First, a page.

Using the WHO International Classification of patient safety framework to identify incident characteristics and contributing factors for medical or surgical complication deaths

Rebecca Mitchell, Mona Faris, Reidar Lystad, Diana Fajardo Pulido, Grace Norton, Melissa Baysari, Robyn Clay-Williams, Peter Hibbert, Andrew Carson-Stevens, Cliff Hughes

Research output: Contribution to journalArticleResearchpeer-review

Abstract

This study aimed to operationalise and use the World Health Organisation's International Classification for Patient Safety (ICPS) to identify incident characteristics and contributing factors of deaths involving complications of medical or surgical care in Australia. A sample of 500 coronial findings related to patient deaths following complications of surgical or medical care in Australia were reviewed using a modified-ICPS (mICPS). Over two-thirds (69.0%) of incidents occurred during treatment and 27.4% occurred in the operating theatre. Clinical process and procedures (55.9%), medication/IV fluids (11.2%) and healthcare-associated infection/complications (10.4%) were the most common incident types. Coroners made recommendations in 44.0% of deaths and organisations undertook preventive actions in 40.0% of deaths. This study demonstrated that the ICPS was able to be modified for practical use as a human factors taxonomy to identify sequences of incident types and contributing factors for patient deaths. Further testing of the mICPS is warranted.

LanguageEnglish
Article number102920
Number of pages8
JournalApplied Ergonomics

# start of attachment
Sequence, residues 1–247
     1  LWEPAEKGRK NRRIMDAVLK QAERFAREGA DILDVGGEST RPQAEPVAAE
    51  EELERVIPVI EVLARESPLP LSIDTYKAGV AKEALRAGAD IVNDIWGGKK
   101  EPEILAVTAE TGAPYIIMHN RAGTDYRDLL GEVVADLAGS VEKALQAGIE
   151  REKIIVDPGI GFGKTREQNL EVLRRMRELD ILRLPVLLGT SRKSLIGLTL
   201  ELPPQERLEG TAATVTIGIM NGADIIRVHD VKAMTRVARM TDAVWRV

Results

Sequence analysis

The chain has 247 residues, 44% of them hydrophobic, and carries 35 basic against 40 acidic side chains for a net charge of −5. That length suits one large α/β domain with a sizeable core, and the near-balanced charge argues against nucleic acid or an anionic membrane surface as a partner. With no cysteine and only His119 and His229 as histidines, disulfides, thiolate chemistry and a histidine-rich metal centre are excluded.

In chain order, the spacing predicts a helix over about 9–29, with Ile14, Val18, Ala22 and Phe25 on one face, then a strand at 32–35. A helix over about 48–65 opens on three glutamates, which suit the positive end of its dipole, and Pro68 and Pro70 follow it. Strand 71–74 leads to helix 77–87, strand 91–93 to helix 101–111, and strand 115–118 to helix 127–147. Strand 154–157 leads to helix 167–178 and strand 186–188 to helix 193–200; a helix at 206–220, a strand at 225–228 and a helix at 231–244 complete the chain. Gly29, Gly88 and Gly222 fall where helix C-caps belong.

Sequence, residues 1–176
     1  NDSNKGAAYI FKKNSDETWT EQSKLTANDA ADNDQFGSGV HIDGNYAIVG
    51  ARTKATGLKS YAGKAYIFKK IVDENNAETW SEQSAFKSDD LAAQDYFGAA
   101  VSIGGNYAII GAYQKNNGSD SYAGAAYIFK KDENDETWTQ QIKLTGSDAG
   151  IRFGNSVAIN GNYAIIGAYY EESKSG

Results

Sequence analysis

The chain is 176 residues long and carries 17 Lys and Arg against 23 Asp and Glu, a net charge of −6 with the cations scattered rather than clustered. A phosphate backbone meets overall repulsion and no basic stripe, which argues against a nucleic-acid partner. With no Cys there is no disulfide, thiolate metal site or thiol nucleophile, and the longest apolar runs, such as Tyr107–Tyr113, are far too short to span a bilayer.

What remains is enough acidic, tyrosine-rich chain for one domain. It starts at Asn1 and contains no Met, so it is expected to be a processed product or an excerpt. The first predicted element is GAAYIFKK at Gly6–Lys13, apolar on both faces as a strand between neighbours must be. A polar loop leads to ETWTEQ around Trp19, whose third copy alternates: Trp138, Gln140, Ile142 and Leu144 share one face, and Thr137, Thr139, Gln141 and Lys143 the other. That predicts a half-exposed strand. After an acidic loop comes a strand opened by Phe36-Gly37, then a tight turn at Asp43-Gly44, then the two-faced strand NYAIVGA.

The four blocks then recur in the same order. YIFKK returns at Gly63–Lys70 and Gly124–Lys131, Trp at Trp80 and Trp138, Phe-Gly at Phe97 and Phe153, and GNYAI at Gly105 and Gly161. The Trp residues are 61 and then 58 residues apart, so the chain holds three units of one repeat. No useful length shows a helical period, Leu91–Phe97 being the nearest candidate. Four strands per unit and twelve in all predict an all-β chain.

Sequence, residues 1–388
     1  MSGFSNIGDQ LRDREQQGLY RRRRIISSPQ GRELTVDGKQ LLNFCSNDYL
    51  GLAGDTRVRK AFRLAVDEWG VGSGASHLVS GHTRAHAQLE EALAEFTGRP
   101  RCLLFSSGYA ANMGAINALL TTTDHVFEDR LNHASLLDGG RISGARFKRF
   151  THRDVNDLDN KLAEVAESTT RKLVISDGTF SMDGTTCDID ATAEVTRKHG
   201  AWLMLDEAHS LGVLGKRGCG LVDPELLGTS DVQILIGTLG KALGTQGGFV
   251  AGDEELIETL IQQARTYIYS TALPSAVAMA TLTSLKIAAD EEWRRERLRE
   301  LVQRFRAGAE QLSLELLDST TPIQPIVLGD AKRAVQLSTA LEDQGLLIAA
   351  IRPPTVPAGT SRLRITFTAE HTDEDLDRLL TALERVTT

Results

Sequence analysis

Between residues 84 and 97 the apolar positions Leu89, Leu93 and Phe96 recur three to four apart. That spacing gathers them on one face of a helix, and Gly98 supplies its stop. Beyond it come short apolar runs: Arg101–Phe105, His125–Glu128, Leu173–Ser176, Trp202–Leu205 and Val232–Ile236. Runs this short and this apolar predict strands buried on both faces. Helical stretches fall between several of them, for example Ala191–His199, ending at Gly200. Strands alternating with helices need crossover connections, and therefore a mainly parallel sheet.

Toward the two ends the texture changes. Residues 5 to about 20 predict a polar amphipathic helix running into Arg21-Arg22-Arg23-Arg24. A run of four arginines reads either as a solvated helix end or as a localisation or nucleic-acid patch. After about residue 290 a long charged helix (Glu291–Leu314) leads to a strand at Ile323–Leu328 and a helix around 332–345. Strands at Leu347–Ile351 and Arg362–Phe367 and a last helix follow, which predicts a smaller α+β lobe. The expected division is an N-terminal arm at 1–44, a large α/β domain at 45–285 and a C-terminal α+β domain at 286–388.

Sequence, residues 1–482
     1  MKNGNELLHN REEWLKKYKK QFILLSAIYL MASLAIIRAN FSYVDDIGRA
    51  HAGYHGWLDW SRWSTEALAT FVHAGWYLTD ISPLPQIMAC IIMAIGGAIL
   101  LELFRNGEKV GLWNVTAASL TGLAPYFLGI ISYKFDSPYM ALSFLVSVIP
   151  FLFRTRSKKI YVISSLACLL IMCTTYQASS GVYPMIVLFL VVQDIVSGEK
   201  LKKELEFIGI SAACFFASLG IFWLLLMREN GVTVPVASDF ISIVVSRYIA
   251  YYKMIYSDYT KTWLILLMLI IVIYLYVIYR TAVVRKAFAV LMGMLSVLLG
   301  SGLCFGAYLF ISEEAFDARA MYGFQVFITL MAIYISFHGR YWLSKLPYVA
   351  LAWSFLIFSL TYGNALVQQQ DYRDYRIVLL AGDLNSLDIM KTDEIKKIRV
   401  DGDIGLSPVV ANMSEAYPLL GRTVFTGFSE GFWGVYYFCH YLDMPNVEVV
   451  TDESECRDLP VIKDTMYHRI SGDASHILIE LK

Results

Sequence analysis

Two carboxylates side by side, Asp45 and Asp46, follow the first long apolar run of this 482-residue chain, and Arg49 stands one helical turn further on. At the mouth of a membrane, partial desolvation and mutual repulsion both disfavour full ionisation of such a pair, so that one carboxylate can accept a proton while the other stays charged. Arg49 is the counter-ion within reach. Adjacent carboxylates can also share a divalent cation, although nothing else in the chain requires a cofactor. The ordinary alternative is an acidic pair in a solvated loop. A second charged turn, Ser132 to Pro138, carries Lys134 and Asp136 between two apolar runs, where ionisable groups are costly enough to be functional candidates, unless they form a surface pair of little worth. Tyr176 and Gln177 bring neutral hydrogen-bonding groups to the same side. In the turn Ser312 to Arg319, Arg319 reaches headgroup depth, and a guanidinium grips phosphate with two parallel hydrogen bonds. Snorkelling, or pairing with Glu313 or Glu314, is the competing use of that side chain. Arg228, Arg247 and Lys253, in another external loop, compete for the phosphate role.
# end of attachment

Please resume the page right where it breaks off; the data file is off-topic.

Volume82
Early online date19 Aug 2019
DOIs
Publication statusPublished - 1 Jan 2020

Fingerprint

Patient Safety
WHO
incident
death
Theaters
Taxonomies
Human engineering
Health care
Coroners and Medical Examiners
Health
Cross Infection
Fluids
taxonomy
medical care
theater
Testing
medication
Organizations
Therapeutics

Keywords

  • Error
  • Patient safety
  • Taxonomy

Cite this

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title = "Using the WHO International Classification of patient safety framework to identify incident characteristics and contributing factors for medical or surgical complication deaths",
abstract = "This study aimed to operationalise and use the World Health Organisation's International Classification for Patient Safety (ICPS) to identify incident characteristics and contributing factors of deaths involving complications of medical or surgical care in Australia. A sample of 500 coronial findings related to patient deaths following complications of surgical or medical care in Australia were reviewed using a modified-ICPS (mICPS). Over two-thirds (69.0{\%}) of incidents occurred during treatment and 27.4{\%} occurred in the operating theatre. Clinical process and procedures (55.9{\%}), medication/IV fluids (11.2{\%}) and healthcare-associated infection/complications (10.4{\%}) were the most common incident types. Coroners made recommendations in 44.0{\%} of deaths and organisations undertook preventive actions in 40.0{\%} of deaths. This study demonstrated that the ICPS was able to be modified for practical use as a human factors taxonomy to identify sequences of incident types and contributing factors for patient deaths. Further testing of the mICPS is warranted.",
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Using the WHO International Classification of patient safety framework to identify incident characteristics and contributing factors for medical or surgical complication deaths. / Mitchell, Rebecca; Faris, Mona; Lystad, Reidar; Fajardo Pulido, Diana; Norton, Grace; Baysari, Melissa; Clay-Williams, Robyn; Hibbert, Peter; Carson-Stevens, Andrew; Hughes, Cliff.

In: Applied Ergonomics, Vol. 82, 102920, 01.01.2020.

Research output: Contribution to journalArticleResearchpeer-review

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